PolyPlus is currently testing lithium metal-seawater batteries in conjunction with the Monterey Bay Aquarium Research Institute to determine whether they can withstand real working conditions. One concern is that microorganisms in the ocean will grow on the batteries’ surface and impair their operation, although preliminary tests have produced good results.
The single-use batteries made by the company employ a piece of lithium metal about two centimeters squared and three millimeters thick; they have a storage capacity close to that of the lithium-ion batteries in today’s laptops at one-fifth the weight. The company has partnered with battery manufacturer Quallion to produce batteries based on PolyPlus’s electrode designs and will make batteries under contract for an undisclosed government agency. Quallion says that lithium-metal electrodes can be processed using much of the infrastructure already in place for making lithium-ion batteries. “Certain precautions are needed to handle the material, but there are no tricks to it,” says Beach.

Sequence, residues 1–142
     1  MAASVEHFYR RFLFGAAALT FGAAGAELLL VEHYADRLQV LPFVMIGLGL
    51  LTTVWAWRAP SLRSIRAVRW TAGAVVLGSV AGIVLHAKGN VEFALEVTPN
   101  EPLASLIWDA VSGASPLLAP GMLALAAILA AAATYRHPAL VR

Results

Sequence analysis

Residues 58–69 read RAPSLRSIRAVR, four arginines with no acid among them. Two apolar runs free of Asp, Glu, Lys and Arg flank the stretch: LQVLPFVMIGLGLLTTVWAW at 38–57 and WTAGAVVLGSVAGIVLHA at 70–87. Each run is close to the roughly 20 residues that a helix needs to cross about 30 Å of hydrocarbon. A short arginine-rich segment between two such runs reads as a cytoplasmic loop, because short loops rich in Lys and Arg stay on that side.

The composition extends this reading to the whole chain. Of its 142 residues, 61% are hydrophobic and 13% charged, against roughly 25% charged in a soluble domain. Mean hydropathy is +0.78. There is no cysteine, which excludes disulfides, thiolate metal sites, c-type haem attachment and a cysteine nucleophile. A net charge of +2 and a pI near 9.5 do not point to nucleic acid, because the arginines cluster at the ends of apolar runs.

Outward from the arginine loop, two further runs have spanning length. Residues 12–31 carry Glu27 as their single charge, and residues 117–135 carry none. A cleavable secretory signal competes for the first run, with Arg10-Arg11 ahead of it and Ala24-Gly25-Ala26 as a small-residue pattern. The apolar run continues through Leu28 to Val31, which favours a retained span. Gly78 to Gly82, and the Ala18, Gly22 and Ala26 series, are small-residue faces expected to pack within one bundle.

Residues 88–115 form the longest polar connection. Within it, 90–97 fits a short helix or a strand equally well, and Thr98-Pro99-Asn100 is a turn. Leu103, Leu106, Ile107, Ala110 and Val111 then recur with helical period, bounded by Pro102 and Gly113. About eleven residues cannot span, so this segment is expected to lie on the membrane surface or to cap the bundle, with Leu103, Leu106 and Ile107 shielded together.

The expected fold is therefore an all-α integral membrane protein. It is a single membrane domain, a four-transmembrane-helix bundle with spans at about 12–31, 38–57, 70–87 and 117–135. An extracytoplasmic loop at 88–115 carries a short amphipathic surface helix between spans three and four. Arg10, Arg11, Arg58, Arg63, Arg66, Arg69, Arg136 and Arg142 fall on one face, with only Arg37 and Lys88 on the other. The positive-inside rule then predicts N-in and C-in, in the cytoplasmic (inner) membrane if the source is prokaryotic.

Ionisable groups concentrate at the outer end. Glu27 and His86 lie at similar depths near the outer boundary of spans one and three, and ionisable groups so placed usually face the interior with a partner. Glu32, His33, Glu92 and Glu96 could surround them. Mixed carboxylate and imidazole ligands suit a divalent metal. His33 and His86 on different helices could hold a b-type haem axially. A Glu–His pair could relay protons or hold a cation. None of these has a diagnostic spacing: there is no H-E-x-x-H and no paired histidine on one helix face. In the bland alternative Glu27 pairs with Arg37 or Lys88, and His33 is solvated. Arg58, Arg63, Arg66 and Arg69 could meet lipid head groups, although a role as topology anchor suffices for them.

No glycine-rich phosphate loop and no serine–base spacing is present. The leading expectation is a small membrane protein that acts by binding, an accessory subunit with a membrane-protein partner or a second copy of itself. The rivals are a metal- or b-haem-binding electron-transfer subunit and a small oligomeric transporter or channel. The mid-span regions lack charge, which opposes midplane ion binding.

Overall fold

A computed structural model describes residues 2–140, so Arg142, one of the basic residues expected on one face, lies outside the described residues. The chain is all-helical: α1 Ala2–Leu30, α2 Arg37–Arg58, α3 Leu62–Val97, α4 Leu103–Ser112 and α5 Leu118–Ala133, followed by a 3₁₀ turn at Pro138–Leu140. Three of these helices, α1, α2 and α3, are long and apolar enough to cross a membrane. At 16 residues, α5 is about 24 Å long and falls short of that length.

Lithium-metal batteries have the potential to be “transformational” for underwater applications, says James Bellingham, the Monterey Bay Aquarium Research Institute’s chief technologist. Most ocean research takes place close to shore because, as Bellingham says, “in the ocean, there are no plugs” for recharging the sensor-laden autonomous craft that monitor the seas. Higher energy-density batteries could enable much better monitoring of the effects of climate change on the planet, says Bellingham.
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